April 29, 2010

No expectations, no disappointment, right?

It's easier to keep things to myself than to share with others and get disappointed by them. Does that sound stupid?

OK, so I know any burden is supposed to become lighter when shared with other people. Does it mean the more, the merrier? Like, the more people you share the burden with, the lighter you'll feel? Now, after sharing your burden with other people, is it purely for information purposes sans expectations? Or is it to give them the chance to rise up to the occasion? Is that how it works?

I confess, I've shared what's going on health-wise with certain friends of mine. Still not all of them, though. Some are behaving admirably - expressing their concern by calling, texting, IMing and checking up on me. And I really appreciate the time and effort they exert. Sadly, one or two failed miserably. Still giving them the benefit of the doubt, of course.

I realize that my personality does not handle disappointment all too well. In fact, I think I became the way I am to avoid dealing with disappointment. For instance, my birthday could be right around the corner. When asked about what birthday gift I want, I'd rather be asked than to let people guess what I want. I'm aware people aren't mind readers. However, it gets tricky because instead of telling people what I want, I'd go out and get it myself. To spare them the hassle and inconvenience. So there's nothing much to say because I would've bought what I wanted already.

In this case, keeping the information to myself and my loved ones is my way of not getting disappointed in people. I know the people I love are dependable. They'll be there. They know when to ask questions and when to stop asking. But with other friends, honestly, a part of me didn't want to tell them. I didn't want to get disappointed in them. If I knew that they know what's going on and they're not even making an effort to check out how I'm doing, I'd feel bad - at myself for expecting and at them for not living up to my expectations. Yes, it's not fair. But I'm human and what's more, I'm honest about how I feel.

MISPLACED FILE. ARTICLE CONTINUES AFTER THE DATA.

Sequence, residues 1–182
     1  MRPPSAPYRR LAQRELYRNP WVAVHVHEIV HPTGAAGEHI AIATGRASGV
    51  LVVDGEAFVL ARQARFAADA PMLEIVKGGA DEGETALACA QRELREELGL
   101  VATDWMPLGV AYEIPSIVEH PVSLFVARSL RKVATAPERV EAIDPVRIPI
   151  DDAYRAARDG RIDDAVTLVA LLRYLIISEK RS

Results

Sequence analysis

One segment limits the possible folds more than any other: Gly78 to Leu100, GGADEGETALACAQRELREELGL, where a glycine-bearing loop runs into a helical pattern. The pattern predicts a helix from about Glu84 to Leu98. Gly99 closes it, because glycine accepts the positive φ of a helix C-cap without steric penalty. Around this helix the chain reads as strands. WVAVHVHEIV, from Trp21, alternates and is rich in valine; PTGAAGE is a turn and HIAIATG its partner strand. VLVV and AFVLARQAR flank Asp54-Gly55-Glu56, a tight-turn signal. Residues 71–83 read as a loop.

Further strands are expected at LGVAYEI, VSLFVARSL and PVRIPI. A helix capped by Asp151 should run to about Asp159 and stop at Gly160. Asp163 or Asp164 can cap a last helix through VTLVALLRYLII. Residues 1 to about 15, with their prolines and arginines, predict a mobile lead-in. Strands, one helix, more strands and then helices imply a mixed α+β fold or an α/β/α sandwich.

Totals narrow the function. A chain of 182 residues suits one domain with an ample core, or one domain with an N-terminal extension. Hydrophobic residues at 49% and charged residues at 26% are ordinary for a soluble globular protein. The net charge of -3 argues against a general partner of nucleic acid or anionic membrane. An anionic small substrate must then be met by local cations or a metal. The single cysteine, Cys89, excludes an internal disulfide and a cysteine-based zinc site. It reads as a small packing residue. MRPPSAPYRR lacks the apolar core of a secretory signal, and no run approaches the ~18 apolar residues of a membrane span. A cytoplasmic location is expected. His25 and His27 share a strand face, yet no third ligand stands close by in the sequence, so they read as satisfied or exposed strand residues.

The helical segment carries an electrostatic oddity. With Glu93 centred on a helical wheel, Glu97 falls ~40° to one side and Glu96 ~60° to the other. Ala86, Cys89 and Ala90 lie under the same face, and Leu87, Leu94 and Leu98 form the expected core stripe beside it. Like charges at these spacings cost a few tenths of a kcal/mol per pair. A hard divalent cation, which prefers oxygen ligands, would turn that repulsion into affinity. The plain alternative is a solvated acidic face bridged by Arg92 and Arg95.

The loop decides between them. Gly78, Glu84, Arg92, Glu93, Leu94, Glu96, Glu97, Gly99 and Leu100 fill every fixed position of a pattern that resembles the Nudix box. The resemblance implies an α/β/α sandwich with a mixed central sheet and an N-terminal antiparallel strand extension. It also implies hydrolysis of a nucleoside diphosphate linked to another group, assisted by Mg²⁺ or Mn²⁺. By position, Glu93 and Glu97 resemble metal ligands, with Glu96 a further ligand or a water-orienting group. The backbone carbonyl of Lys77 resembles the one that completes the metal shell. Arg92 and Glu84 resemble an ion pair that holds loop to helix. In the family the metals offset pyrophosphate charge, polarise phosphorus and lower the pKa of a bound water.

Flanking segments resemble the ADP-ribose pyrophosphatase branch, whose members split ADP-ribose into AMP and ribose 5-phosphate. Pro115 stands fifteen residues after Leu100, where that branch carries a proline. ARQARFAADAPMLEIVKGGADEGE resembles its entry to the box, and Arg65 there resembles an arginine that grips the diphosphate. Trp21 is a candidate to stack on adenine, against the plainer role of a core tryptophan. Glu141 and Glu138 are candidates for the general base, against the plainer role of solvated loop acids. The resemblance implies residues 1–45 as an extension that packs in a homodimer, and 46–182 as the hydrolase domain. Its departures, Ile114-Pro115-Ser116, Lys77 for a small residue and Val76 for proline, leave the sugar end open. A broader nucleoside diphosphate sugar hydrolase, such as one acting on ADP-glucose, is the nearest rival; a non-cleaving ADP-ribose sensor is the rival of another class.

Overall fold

The thing is, if they had some crazy thing going on with them health-wise, I KNOW I'd be there for them. Come on, in this day and age, it's so darn easy to keep in touch, even a simple text, IM or e-mail would suffice. But at the end of the day, I'm me and they're them. I gotta take the good with the bad. After all, everyone's got their own issues and problems to deal with. The world doesn't revolve around me.

2 comments:

... Paige said...

for some folks (on a subconsious level) human frailty and body sickness brings them too close to suffering. It may be better for them to ignore the problem then acknowlege it

---What elephant? I don't see no elephant.---

hang in there not everyone

Cecilia said...

Good point, Paige. For some people, it's easier to look away and pretend things are alright. Not that it makes things go away.

Your comment was cut short. Feel free to continue your comment. I'd love to read the rest.